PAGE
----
If you have more than that in savings, talk to a financial advisor. They'll tell you the best ways to protect your money. 

Prices and recession

Next, what would a recession mean for prices? Experts say historically, prices drop in a recession. For example, gas prices dropped by 60% in 2008. 

That sounds good. Economists say it's not, because it also means people are losing their jobs. When prices are slashed to get people buying, companies have to find a way to cut costs. 

Others might see an unexpected pay cut. 

401(k) and recession

Some people might want to know, should you cash out your 401(k) before a recession? 

Financial advisors actually say now is the best time to maximize your 401(k) contributions. Since the market is doing poorly, it's a chance to buy low. 

There's a pretty simple rule to follow too. Remember, the younger you are, you can afford to take more risk in volatile stocks. The older you are, your portfolio has to be more conservative with guaranteed fixed income. 

Housing and recession

It’s no secret that housing prices have been crazy for months. Demand got really high as we moved out of the pandemic. That drove prices through the roof. Plus, the Federal Reserve just raised interest rates again. Mortgage rates and interest rates don’t move together; however, the Fed’s rates can influence mortgage rates.

Kristenia Hargrove is a real estate agent. She’s also a homebuyer right now. She said trying to break into the market keeps her up at night.

“Trying to find a house with the mortgage prices going up and gas prices and everything else. It’s just been a bit of a nightmare, honestly,” Hargrove said.

Mortgage rates just hit a 30-year high. Between higher prices and higher interest, the average homebuyer now pays $500 more per month than they would last year or $189,000 more over a 30-year loan. 

“That creates a significant affordability challenge. Not only because you have very high rates of house price growth, you also now have, you know, a pretty rapid increase in mortgage interest rates,” Len Kiefer, the deputy chief economist at Freddie Mac, said.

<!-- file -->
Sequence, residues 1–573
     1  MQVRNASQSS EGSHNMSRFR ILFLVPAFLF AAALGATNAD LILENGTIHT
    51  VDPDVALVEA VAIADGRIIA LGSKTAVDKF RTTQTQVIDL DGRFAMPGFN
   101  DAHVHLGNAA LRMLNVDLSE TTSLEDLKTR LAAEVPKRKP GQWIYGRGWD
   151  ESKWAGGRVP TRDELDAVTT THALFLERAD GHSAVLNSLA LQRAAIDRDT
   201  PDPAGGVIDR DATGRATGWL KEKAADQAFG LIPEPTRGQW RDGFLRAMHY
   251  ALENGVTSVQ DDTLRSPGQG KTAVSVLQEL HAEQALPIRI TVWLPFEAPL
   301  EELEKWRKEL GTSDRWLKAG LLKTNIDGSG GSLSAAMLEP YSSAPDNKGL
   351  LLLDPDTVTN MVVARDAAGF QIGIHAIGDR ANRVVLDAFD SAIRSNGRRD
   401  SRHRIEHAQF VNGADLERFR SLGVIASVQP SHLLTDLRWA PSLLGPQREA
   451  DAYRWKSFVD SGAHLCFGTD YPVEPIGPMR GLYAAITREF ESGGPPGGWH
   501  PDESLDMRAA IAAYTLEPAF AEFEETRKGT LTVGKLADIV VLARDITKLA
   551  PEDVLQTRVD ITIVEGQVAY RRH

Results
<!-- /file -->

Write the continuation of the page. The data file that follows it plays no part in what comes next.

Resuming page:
The housing market has two big issues for homebuyers: high prices and low supply.

Some people have called it a housing bubble. And they’re worried it’s going to burst.

The Dig In 2 It team has talked to several economists. They all said we’re not in a housing bubble.

“For a housing bubble to exist, we would have to believe some kind of story about the price rather than ignoring the economic fundamentals that cause the price of a house to be so high. In this case, I think the economic fundamentals justify the increasing prices that we’ve seen,” Dr. Alfredo Romero, an economics professor at North Carolina A&T said.

Romero said home-buying rules changed after the 2008 recession and market collapse.

That makes a housing bubble less likely to form again.

That doesn’t mean we can’t see a big drop in home prices. If the economy does really take a tumble, we can expect demand for houses to dry up fast. That’d lead to a drop in prices.

Realtor.com says if you’re thinking about selling a home, do it now.

You can sell high and try to buy low when prices drop.

Just remember, there’s no guarantee you’ll be able to find an affordable option because of tight supply.

The takeaway

The fact that 70% of economists think we're headed to a recession isn't good. But we have to be careful not to panic. Recessions can become self-fulfilling prophecies. Just like when there was a shortage of toilet paper and everyone freaked out and bought 10 packs - then you couldn't find toilet paper anywhere. 

The best way for us to get through these trying times is to try to remain calm and remember, we're all in this together.